We’ve Removed Simple Foods From Our Concept Of ‘Healthy’

4 min read
We’ve Removed Simple Foods From Our Concept Of ‘Healthy’

An interesting study has brought to light a remarkable change in the way that people now look at food.

It seems that instead of being concerned with how healthy a food might be, we’re only concerned with the nutrients that it contains.

Don’t believe us? Well answer us this: when you look at a piece of fruit or a vegetable, do you think about how healthy it is as a food, or do you think about what’s in it? Do you eat bananas because they’re high in potassium, oranges for the vitamin C and spinach for the iron? Then you’re doing it wrong!


The study that uncovered this was published in the Journal of Health Psychology in June of 2015, and it suggests that not only is this ‘pinhole’ view of food very common, it also has the potential to be seriously problematic.

To be honest, the news should surprise nobody familiar with our approach to dieting and healthy living in the modern world. Everywhere we go we are bombarded with information about some foods being ‘better’ than others, and specific nutrients and micronutrients are usually at the centre of those claims. So although it is true, and good, that bananas contain potassium, that narrow view doesn’t take into account the fibre and numerous other elements that come together to make the food healthy.

via pinterest
via pinterest

Jonathon P. Schuldt, the author behind the study and an assistant professor of communication at Cornell University said that conflicting advice about nutrition was probably at the source of the confusion and unusual perceptions.

“Even though more nutrition experts are really emphasizing that we eat whole foods that have nutrients embedded in their natural contexts, these results [from the study] suggest that when it comes to perceptions of long-term disease outcome, nutrients still hold a lot of sway in people’s judgments.”

The Study


Schuldt and his team wanted to see just how much people believed that it was nutrients, as opposed to the foods they originate from, that helped prevent disease. So they put together a study group of more than 100 students (from the university) and asked them to judge how much risk a fictional person was from disease.

They split their study groups into two and had each group read a description about a fictional man and his life. The two descriptions were the same except for the last paragraph in which one group read about how his diet was rich in healthy nutrients (like vitamin C, calcium, potassium, omega-3 fatty acids and iron), and one group read how his diet was rich in healthy foods (like oranges, milk, bananas, fish and spinach, the whole food source of all of those nutrients).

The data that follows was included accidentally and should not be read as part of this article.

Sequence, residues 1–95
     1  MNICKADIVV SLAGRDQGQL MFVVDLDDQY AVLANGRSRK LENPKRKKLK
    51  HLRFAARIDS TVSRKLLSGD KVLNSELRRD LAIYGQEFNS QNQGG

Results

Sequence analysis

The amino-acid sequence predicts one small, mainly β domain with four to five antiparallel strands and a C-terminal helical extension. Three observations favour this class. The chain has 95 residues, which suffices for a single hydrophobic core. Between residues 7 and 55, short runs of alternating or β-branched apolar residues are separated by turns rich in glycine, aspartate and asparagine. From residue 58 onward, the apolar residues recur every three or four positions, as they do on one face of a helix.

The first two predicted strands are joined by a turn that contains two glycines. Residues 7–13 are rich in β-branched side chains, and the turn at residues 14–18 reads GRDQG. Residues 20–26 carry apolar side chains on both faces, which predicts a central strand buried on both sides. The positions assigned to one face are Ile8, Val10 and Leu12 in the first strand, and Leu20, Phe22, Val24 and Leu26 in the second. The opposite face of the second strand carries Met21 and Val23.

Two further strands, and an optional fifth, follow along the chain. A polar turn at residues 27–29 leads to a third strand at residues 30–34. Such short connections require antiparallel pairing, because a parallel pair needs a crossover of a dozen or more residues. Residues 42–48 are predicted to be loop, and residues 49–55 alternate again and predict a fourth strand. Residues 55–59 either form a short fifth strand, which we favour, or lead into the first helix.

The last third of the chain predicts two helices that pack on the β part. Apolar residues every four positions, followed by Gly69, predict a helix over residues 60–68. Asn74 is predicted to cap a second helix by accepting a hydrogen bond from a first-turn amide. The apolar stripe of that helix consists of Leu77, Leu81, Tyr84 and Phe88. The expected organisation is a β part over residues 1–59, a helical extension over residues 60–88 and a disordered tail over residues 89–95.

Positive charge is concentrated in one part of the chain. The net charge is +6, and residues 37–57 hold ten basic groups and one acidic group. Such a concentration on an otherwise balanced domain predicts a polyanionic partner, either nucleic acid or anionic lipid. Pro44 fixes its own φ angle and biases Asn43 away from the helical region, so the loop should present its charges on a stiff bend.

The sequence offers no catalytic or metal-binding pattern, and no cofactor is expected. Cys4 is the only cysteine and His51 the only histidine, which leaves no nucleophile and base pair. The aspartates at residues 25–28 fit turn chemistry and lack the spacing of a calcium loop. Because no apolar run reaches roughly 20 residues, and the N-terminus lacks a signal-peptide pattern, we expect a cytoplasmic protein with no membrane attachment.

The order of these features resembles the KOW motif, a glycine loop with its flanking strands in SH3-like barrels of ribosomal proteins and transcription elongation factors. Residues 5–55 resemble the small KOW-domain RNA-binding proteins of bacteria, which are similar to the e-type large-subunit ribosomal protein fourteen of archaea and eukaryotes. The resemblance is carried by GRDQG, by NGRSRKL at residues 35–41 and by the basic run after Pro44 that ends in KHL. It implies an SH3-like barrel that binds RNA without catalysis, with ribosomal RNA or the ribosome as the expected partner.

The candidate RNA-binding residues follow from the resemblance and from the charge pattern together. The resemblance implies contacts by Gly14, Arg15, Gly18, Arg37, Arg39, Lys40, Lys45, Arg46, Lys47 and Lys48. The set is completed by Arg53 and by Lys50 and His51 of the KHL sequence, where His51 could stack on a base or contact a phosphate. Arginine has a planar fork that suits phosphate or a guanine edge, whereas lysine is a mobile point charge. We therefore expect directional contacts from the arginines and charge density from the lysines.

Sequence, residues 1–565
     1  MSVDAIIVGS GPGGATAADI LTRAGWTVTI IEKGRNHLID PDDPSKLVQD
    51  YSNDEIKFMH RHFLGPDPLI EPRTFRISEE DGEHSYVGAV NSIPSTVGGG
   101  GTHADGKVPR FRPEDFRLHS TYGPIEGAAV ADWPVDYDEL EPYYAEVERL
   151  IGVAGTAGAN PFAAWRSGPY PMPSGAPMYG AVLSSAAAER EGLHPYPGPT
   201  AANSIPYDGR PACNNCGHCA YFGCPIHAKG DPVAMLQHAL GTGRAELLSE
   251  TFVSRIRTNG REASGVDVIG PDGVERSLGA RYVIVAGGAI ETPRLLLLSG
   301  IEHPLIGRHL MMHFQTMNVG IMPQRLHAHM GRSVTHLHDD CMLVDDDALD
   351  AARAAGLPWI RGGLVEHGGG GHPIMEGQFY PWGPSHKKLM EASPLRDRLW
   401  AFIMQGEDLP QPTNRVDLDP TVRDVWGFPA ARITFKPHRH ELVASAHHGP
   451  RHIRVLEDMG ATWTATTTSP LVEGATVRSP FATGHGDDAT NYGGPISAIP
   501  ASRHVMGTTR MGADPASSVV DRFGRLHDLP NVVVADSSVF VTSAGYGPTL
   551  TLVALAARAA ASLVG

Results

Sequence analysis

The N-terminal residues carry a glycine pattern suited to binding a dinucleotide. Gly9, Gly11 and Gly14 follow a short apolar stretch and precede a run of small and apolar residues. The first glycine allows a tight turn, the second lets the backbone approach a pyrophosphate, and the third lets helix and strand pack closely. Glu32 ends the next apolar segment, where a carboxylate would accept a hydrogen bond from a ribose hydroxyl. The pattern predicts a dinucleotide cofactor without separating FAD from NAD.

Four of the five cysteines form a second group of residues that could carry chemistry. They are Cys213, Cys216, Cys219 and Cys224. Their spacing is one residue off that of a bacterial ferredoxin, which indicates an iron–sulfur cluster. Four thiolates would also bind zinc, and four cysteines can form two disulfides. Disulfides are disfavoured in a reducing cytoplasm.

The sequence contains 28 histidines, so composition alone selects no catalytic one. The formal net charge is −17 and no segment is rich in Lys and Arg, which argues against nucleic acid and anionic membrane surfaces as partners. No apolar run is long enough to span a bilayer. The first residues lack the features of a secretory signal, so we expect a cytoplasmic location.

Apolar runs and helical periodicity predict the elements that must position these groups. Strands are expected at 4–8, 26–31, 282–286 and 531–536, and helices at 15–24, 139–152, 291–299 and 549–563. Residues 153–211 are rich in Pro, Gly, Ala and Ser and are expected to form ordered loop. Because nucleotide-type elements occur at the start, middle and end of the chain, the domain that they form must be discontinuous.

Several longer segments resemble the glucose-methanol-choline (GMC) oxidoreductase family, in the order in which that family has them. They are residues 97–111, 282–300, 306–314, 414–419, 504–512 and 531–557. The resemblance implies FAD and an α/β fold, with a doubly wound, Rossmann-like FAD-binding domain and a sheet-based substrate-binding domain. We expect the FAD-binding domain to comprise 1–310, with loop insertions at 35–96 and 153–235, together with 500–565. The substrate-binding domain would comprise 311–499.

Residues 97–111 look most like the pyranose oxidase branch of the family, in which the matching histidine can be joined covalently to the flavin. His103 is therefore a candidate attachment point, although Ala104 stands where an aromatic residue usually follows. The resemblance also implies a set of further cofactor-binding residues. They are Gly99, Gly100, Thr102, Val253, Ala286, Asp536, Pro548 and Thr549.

The study groups then judged how healthy they believed the man was compared to an average person, and estimate how likely it was that he would suffer from five diet-related diseases including heart disease, cancer, stroke, obesity and diabetes.

Amazingly the group who learned that his diet was rich in nutrients rated his risk for four of the five diseases (not obesity) much lower than those who learned his diet was rich in healthy foods. When the results were compared to the test results of the students, they found that students with higher marks tended to value nutrients even more. The study’s authors believe that their ‘education’ about the scientific links between certain nutrients and certain diseases were at the centre of this.

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Despite only being a small study, the results do seem to provide an interesting perspective on the current state of affairs when it comes to nutritional perceptions. Certainly it explains why the supplement industry is making so much money while people search for superfoods over normal, healthy whole foods that are regularly available. Schuldt says that the industry is built on studies that link nutrients to health, but the foods are really more important. After all, “one cannot live off of vitamin C alone.”

With this recent study, it might help us realise our concept of ‘healthy’ may be unhealthy after all without the necessary combination of nutrients to improve our health and eventually prevent us from the risk of diseases. It’s not just us who need partners or lovers, but nutrients need it the most to interact and function well, working their best to keep our bodies safe.

Do you also have the same perception that eating one fruit or veggie alone can prevent you from certain diseases?

About Author

Oceana Setaysha

Senior Writer A passionate writer since her early school days, Oceana has graduated from writing nonsense stories to crafting engaging content for...Read Morean online audience. She enjoys the flexibility to write about topics from lifestyle, to travel, to family. Although not currently fulfilling the job of parent, her eight nieces and nephews keep her, and her reluctant partner, practiced and on their toes. Oceana holds a Bachelor of Arts with a major in Writing and Indonesian, and has used her interest in languages to create a career online. She's also the resident blonde at, where she shares her, slightly dented, wisdom on photography, relationships, travel, and the quirks of a creative lifestyle. Read Less

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